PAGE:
Memphis immigration lawyer Ari Sauer provides news and information on US immigration law.
I overstayed my visa. Can my company sponsor me for a green card?
By Ari Sauer, immigration lawyer with the Memphis, Tennessee office of the Siskind Susser immigration law firm.
QUESTION: I came to the US 15 years ago on a visitor’s visa. Can my company sponsor me for a green card?
THE IMMIGRATION ANSWER MAN: As a general rule, in order to be eligible to apply for Adjustment of Status (an application for a green card in the US), an applicant must show that they have maintained valid immigration status at least until the time they file the application for adjustment of status. Therefore someone who enters on a visa, but overstays past the time listed on their I-94, is not eligible to apply for adjustment of status unless they fall within one of the few exceptions to this rule. The more common exceptions to this rule are a) adjustment for an Immediate Relative, b) adjustment under the 245(i) amnesty, and c) adjustment under 245(k). There are other exceptions to this rule, however these three are the most common.
Immediate Relative Exception: An Immediate Relative (IR) is the 1) spouse of a U.S. citizen or the 2) unmarried child of a U.S. citizen who is under the age of 21. If the foreign national’s most recent entry into the US was with a visa, was admitted on the Visa Waiver Program, or was paroled into the U.S., then they are able to apply for Adjustment of Status based upon the fact that they are applying as an Immediate Relative.
245(i): Another exception is where the foreign national can show that 1) an immigrant petition or labor certification was filed on their behalf before January 14, 1998, or 2) that an immigration petition or labor certification was filed on their behalf before April 30, 2001 and they were in the U.S. on December 21, 2000. When filing under the 245(i) “amnesty” the foreign national must pay an additional $1,000 penalty filing fee.
245(k): Under the 245(k) exception, a foreign national who is filing a green card application based upon an immigrant petition filed by their employer may still be eligible to apply despite falling out of status. To be eligible under 245(k) the foreign national must not have been out of status, worked without authorization, or done anything else to violate their status for a total of more than 180 days between the time of their last entry into the U.S and the time they file the green card application.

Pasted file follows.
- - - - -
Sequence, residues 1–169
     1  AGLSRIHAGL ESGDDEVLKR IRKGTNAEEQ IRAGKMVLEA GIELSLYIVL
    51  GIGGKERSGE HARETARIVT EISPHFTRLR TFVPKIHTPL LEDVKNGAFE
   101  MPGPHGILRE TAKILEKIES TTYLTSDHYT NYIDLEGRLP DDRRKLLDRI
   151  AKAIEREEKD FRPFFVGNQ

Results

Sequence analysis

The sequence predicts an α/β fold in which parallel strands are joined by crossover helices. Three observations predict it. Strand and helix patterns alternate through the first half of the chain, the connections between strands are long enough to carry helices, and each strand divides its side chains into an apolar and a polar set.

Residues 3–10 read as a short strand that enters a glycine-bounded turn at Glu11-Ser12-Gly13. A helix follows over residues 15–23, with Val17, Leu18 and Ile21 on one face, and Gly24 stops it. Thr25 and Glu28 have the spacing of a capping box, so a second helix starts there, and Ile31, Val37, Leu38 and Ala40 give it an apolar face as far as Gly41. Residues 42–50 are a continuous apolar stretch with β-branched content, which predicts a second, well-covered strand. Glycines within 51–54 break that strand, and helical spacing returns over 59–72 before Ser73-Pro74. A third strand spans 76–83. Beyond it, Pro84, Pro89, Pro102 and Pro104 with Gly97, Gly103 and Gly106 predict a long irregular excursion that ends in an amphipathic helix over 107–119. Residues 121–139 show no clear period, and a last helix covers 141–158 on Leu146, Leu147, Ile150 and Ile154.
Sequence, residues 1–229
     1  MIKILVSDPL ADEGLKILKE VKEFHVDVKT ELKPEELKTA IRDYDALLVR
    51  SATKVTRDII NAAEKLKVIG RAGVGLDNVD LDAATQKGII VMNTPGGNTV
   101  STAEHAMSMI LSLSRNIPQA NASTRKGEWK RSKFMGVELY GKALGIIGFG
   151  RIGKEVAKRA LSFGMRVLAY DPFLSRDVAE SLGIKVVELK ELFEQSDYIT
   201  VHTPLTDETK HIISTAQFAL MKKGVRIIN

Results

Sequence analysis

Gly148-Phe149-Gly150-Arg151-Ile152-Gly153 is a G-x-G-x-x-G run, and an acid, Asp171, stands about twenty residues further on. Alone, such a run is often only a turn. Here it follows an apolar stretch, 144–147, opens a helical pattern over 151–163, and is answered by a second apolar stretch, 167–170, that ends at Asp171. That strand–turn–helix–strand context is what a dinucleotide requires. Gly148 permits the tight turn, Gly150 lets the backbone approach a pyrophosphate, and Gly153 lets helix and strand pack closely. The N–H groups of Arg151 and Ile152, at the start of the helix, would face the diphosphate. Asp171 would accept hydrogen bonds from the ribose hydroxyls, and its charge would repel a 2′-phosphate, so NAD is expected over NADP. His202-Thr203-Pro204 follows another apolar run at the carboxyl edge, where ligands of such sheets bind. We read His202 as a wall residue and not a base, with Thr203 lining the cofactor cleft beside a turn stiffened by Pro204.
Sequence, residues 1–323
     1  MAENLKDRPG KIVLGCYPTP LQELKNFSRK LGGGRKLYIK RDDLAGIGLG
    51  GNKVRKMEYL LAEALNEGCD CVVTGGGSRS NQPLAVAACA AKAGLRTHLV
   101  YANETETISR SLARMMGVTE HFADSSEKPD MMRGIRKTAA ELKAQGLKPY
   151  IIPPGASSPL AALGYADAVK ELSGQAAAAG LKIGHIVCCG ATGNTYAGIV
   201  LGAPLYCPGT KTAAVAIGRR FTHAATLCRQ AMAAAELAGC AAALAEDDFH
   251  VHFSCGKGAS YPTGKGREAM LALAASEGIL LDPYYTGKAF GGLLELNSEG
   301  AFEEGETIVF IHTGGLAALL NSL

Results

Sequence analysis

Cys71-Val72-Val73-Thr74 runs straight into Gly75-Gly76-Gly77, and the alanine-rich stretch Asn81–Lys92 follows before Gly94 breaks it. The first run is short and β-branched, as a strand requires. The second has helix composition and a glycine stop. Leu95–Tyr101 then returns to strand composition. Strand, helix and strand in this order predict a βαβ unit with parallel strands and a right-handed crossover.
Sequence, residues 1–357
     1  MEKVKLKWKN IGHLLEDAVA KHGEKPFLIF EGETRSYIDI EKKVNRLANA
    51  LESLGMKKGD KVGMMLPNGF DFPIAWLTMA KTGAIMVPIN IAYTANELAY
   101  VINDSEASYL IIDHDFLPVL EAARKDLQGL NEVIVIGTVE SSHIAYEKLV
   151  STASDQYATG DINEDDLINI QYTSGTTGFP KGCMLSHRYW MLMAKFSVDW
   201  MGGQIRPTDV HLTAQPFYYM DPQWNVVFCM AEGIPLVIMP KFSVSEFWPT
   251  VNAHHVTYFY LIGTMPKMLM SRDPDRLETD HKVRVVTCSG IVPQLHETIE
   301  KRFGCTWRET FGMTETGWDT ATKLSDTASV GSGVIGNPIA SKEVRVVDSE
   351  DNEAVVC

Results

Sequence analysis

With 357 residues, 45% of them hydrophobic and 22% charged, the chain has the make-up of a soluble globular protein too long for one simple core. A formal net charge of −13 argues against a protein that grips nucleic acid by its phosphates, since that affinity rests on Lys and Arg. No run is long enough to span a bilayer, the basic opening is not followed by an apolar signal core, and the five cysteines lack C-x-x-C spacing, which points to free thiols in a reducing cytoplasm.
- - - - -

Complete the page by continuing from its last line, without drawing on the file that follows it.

If you are not eligible to apply for adjustment of status in the U.S., you might still be eligible to apply for an immigrant visa at the U.S. Embassy or Consulate in your home country. However, you should consult with an immigration attorney before doing so to make sure that you are not barred from receiving a visa under any of the categories of inadmissibility.
This is a brief overview of these complex rules. As such, I recommend that you consult with a qualified immigration attorney before filing an application for adjustment of status under one of these rules.
You can call 901-507-4270 to schedule an appointment to talk to me about your case.
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Last updated March 11, 2013.
* This is an advertisement. Ari Sauer is a Memphis immigration lawyer with the Siskind Susser law firm. www.visalaw.com/ari. On this blog we answer questions as a service to our readers, but we cannot assume any liability related to reliance on anything herein, and responses to questions are not intended to establish an attorney-client relationship. Immigration laws and regulations are constantly changing and the rules stated may not apply to your situation. Readers are cautioned to schedule a consultation with an immigration lawyer before acting on anything stated in this blog. This blog is not intended to substitute for a consultation with a qualified immigration law attorney. Ari Sauer is licensed to practice law through the states of Tennessee, New York and New Jersey but is eligible to assist clients from throughout the US. Certification as an Immigration Specialist is not currently available in Tennessee, New York or New Jersey. Siskind Susser limits its practice strictly to immigration law, a Federal practice area, and we do not claim expertise in the laws of states other than where our attorneys are licensed.